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  13. JDL60

    JDL60 Hardcore MB Enthusiast

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    I’ve got the 7l one which I use infrequently - it does reduce the spotting but not eliminate ( not on a black car anyway) so don’t expect miracles
     
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  14. Pondman

    Pondman Hardcore MB Enthusiast

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    I too have the 7L version - no water spots here!
    Not wanting to insult, but I once fitted the hose inlet and outlet on the wrong way round and it did indeed leave water spots. I highlighted them with tipex after that as it is very easy not to see which way round they should go on. I use mine every time I wash my dark grey (Tenorite) E63s and my dark grey transit off and it leaves them spotless. I always make sure that l use a pressure washer to rinse with, as it pushes out all of the sudds from the crevasses and prevents dribbles of dirty water occurring later when driving. :)
     
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  15. Pondman

    Pondman Hardcore MB Enthusiast

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    The 7L version is much more portable as it is lighter and cheaper to refill when required. I only use mine on the final rinse so as to I change the hoses over from cylinder to hose to pressure washer when required. This ensures maximum life of the cleaning resin. A local system is easier to swap over than walking backwards and forwards to the garage. The 7L version is probably more stable as well as it has a lower C of G. :)
     
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  16. glenavy-drongo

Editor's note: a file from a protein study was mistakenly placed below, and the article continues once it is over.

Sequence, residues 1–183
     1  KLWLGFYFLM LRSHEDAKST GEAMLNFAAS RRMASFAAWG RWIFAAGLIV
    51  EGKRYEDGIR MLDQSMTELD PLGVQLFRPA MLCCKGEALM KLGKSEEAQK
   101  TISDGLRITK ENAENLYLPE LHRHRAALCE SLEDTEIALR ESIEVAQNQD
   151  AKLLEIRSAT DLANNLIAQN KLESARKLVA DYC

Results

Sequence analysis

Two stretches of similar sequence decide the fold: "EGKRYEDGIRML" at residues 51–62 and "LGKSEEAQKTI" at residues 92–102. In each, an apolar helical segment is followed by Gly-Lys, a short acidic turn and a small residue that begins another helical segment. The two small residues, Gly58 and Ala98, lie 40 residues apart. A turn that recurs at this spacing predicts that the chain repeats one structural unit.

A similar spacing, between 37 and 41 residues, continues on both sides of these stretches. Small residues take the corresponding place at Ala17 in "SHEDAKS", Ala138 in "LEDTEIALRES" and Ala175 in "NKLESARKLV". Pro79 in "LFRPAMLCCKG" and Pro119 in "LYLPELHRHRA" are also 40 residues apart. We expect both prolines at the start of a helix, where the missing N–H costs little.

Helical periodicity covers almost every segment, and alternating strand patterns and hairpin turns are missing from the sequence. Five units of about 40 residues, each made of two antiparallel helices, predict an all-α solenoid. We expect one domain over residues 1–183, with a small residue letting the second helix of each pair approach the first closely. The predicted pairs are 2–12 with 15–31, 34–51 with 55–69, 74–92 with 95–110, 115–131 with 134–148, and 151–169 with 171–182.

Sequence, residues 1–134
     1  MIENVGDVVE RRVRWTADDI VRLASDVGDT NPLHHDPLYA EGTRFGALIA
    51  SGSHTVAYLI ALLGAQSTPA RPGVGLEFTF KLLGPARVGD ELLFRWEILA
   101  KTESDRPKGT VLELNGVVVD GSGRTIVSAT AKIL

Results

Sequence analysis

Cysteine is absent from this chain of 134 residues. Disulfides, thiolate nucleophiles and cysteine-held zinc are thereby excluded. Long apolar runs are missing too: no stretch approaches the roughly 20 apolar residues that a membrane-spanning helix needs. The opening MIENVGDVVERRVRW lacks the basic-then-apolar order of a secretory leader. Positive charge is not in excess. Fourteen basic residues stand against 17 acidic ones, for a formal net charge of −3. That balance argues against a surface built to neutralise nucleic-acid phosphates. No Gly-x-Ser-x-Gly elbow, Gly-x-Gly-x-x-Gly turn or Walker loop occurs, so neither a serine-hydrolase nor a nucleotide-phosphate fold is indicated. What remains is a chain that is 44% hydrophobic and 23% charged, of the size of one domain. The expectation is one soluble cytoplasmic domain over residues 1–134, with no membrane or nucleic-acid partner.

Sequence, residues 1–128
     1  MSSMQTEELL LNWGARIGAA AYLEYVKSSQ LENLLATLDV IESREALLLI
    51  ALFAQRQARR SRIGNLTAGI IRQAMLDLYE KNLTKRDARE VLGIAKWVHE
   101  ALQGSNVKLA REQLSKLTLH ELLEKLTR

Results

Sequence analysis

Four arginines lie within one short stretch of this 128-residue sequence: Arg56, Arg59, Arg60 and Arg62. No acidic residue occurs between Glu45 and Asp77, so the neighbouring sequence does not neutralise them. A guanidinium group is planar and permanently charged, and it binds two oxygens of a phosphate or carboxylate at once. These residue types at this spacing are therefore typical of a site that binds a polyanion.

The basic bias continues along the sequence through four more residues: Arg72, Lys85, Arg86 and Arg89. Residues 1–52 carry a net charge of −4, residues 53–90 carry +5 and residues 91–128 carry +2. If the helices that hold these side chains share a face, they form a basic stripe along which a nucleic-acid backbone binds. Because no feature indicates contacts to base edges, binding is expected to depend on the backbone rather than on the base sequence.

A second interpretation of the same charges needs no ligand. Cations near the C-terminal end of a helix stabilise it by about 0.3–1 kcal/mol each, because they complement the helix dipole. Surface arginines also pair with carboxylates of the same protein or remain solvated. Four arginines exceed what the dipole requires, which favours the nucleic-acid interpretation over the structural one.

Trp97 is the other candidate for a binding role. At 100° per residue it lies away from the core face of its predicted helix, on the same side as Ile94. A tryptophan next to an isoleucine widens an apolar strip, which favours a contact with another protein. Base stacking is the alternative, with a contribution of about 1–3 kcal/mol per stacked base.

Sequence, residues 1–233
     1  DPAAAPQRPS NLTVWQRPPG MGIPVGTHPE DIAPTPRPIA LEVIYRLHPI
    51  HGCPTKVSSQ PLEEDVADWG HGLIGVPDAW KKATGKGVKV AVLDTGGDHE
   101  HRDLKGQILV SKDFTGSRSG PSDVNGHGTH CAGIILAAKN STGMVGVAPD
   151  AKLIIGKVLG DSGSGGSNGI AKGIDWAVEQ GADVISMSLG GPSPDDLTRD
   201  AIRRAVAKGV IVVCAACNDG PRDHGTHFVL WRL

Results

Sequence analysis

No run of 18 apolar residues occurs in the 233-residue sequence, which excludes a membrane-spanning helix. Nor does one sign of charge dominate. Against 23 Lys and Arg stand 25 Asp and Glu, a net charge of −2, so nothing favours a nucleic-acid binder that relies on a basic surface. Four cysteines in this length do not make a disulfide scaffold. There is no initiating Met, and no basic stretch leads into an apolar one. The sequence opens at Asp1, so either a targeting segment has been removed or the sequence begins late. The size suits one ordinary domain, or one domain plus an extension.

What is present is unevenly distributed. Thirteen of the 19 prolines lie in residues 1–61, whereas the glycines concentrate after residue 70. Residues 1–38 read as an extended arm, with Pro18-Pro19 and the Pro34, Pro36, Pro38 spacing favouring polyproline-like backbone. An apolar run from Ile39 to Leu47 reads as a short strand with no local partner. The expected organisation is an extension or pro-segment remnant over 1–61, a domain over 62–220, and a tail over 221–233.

glenavy-drongo Hardcore MB Enthusiast

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    A much cheaper and more sustainable option would be to use an RO unit, into a water butt and a submersible pump to feed the hose/power washer. Maybe a bit more of a faff, but the filters will last for several thousand litres and are around £10 to replace a set. I have used a large RO unit for my marine tank for years and can confirm their performance.

    D
     
  17. Pondman

    Pondman Hardcore MB Enthusiast

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    What are the flow rates through an RO unit?
    Some pressure washers require a good flow of water to work without hunting. My commercial Kranzel 125bar machine requires a minimum of 12L/min. Most domestic machines are 6-10L/min.
     
  18. Will

    Will MB Club Veteran

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    I think that’s why he said to fill a water butt first?

    Water butts can hold a couple of hundred litres plus - although if you’re pumping 12L a min out of it you’re going to be emptying it pretty quickly (probably still enough to wash a car though to be fair) :)
     
  19. Pondman

    Pondman Hardcore MB Enthusiast

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    Ahh yes Will, BUT! The RO unit works through osmosis of only the water molecule through a semi-permeable membrane, thus stopping all other debris and minerals from passing through; thus creating a huge slowdown/restriction in production of flow/pure water. The flow will not increase by adding extra pressure it will only work at a certain rate. It is this afore mentioned flow rate that I’m questioning. The flow of the pump providing the pressure and flow is irrelevant to the final amount of water produced. The reason for using water butt water is that as long as it is clean, it is a lot softer and has less minerals to be filtered out. I know this as my work is aquatics.
     
  20. Will

    Will MB Club Veteran

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    He’s filling a water butt from an RO unit. The water butt provides a buffer of a couple of hundred litres plus of water, this is pumped out to feed a pressure washer.

    The flow rate of the RO unit is not relevant.

    I have quite a good understanding of Reverse Osmosis btw :cool: